If the public spectacle of allegedly pro-family, pro-morality, pro-ethics, pro-absolute truth evangelical Christians unashamedly and unequivocally supporting a Supreme Court nominee with multiple, credible criminal accusations against him hasn’t killed irony forever and ever, then perhaps my experience yesterday will put us over the top in the war against irony.
Irony, brace yourself for what follows.
I’ve been working on a grant application with an October 1st deadline. The grant is highly competitive, but securing it would significantly help cover the costs of deeper research into the impact of digital devices on spirituality for my book Always Present: Contemplative Resistance to Digital Distraction.
On the due date of the grant, we had to make a few changes to the grant, changes that would make it stronger, but each change brought other changes and renewed complexity. Text messages and emails throughout the day were essential for keeping everyone on the same page.
Before I say anything else about my day, the focus of this grant project is studying the impact of smartphones on spiritual practices, and part of the project includes an experiment where we ask some subjects to increase smartphone use, some to decrease, and others to keep it the same. I didn’t anticipate that applying for this grant would inadvertently turn me into a test subject!
It just so happened that over the weekend, I had updated my iPhone to the latest operating system, and it includes a “Screen Time” section under Settings. You can set limits on certain groups of apps and see how much time you spend on those groups of apps. You can also track how much time you spend on specific apps.
Adding to the complexity of the day our grant was due, our kids were on fall break from school. Part of my screen time involved reading articles at The Athletic while our daughter fussed over her bottle, including several stretches where I put the phone down with an article open. I was also managing several emails and text messages while building boats out of Legos with my boys.
All of this is to say, I wasn’t shocked to find at the end of the day that I had spent a little over two hours on my phone. Certain aspects of the day demanded it. We got the grant done, and there are big plans to build some more boats the following day without so many interruptions.
However, I don’t want to merely make excuses for myself. This kind of day was full of the unusually urgent, but things can start going off track.
Did I Train Myself to Use My Phone More?
The problem with such “exceptional” days, addicting tools like smartphones are designed to be rewarding and to appear useful, if not essential. I can begin to use an exceptional day as a baseline for new habits, checking on my phone or seeking distractions with more regularity.
For each day where I’m immersed in my phone for a work project, I need at least another day to disconnect from it. Even this morning I caught myself pulling my phone out to check my email… at 5:30 am. There can’t be any urgent messages about the grant at 5:30 am, can there?
Did I Pray During My Busy Day?
As you can guess, prayer was hard to come by with a baby sputtering each time I gave her a bottle, constant emails and text messages, and my kids asking me to help them find Lego pieces or disconnect pieces that were stuck. Prayer isn’t easy with kids around under normal circumstances, so toss in a competitive grant deadline and a smartphone, and it’s not looking good.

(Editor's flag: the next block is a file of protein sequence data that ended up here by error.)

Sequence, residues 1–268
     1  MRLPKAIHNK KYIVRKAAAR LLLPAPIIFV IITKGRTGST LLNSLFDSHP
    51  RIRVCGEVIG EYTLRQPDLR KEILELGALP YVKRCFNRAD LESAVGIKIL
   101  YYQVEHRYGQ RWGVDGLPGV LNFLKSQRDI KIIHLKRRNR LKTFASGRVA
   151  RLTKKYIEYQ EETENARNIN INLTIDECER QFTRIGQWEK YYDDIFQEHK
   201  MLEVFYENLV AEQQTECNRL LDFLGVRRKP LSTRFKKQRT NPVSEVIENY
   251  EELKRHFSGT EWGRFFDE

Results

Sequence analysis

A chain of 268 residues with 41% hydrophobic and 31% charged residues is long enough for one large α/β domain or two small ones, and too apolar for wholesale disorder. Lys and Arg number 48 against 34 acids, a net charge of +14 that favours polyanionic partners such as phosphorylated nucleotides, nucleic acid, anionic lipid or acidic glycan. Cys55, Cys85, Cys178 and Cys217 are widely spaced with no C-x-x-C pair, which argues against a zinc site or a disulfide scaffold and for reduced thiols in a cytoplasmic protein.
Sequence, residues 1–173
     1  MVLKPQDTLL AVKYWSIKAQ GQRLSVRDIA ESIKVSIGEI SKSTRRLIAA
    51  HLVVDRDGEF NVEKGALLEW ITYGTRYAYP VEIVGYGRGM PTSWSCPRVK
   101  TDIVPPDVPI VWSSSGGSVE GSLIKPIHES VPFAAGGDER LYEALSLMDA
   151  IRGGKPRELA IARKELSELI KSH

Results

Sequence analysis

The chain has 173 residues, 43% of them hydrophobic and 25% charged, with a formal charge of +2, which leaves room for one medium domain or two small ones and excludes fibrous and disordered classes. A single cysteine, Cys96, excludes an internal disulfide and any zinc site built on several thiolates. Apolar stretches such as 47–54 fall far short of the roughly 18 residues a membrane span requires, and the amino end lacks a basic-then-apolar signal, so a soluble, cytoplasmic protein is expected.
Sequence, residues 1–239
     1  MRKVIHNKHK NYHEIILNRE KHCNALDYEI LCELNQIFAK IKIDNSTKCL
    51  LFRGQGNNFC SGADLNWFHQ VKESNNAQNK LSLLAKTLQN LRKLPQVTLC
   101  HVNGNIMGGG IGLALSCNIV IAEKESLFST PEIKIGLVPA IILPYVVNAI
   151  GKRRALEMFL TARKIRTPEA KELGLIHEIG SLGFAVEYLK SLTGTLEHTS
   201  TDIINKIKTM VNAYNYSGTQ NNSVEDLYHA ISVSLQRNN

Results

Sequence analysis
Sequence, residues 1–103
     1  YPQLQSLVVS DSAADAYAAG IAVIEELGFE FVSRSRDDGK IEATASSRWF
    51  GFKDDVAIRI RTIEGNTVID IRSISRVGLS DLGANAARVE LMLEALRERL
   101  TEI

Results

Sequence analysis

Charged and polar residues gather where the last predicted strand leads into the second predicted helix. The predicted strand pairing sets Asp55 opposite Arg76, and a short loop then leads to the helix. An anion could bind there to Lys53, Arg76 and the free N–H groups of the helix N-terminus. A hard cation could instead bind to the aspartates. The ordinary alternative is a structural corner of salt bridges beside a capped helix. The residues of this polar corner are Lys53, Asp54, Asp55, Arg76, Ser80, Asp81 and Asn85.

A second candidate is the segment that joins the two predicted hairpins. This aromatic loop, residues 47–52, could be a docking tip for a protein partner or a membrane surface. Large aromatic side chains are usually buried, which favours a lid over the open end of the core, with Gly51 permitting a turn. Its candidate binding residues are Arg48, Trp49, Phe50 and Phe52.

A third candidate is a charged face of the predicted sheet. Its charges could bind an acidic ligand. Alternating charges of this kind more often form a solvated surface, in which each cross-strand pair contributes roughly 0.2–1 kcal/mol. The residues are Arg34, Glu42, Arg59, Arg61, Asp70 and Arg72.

However, I was grateful for the chance to see what increased smartphone usage did to my spirituality. That is the point of our study after all?
- I caught myself getting impatient with our kids when they were bickering.
- When I had a moment in the car by myself later in the day, I took some time to pray in silence rather than turning to a podcast. I could tell that my soul was unsettled.
- When I sat down at a café to work on the final details of the grant, I took a moment to pray because my mind was scattered.
- After hitting send, I took five minutes to close my computer and to write a few thoughts in my journal. It was reflective, but it also felt like a prayer of sorts.
- Later that evening, I took a break from the dishes to sit with my wife on the back patio while our kids took literally every book off two book shelves in the other room. It was worth it.
After spending two hours on my phone on a busy day, it’s not surprising to conclude that prayer was hard to prioritize.
Can Contemplative Prayer Practices Help?
While I feel like I need a bit of recovery time today to get myself into a better spiritual and mental place after yesterday, it was encouraging to see that regular contemplative prayer practices have helped me establish a new baseline of sorts.
I sort of know what it feels like to be spiritually grounded, and I sort of know what it feels like to be spiritually adrift. I have invested enough time in prayer practices that I knew when things were going off the rails.
Having some simple charts and stats about my smartphone usage was also extremely helpful. I couldn’t lie to myself. Let’s be honest, I would totally underestimate my phone usage if it was up to me!
Most importantly, even though I had lost a lot of time and space for prayer yesterday, I still had enough self-knowledge and enough practices handy that I could turn a five-minute car ride into a moment of semi-stillness before God.
Mind you, those five minutes of silence after a day of perpetual mental and physical motion were AGONIZING. I wanted to keep moving, to keep my mind humming with stimuli rather than turning toward God in silence.
I dramatically increased my smartphone usage, and while it wasn’t good for me, contemplation was able to help in the thick of it. In the days to come I’ll continue to use that little screen time chart and my prayer practices to help me keep my feet on the ground.
Prayer also sounds A LOT better than checking my email constantly about my grant status…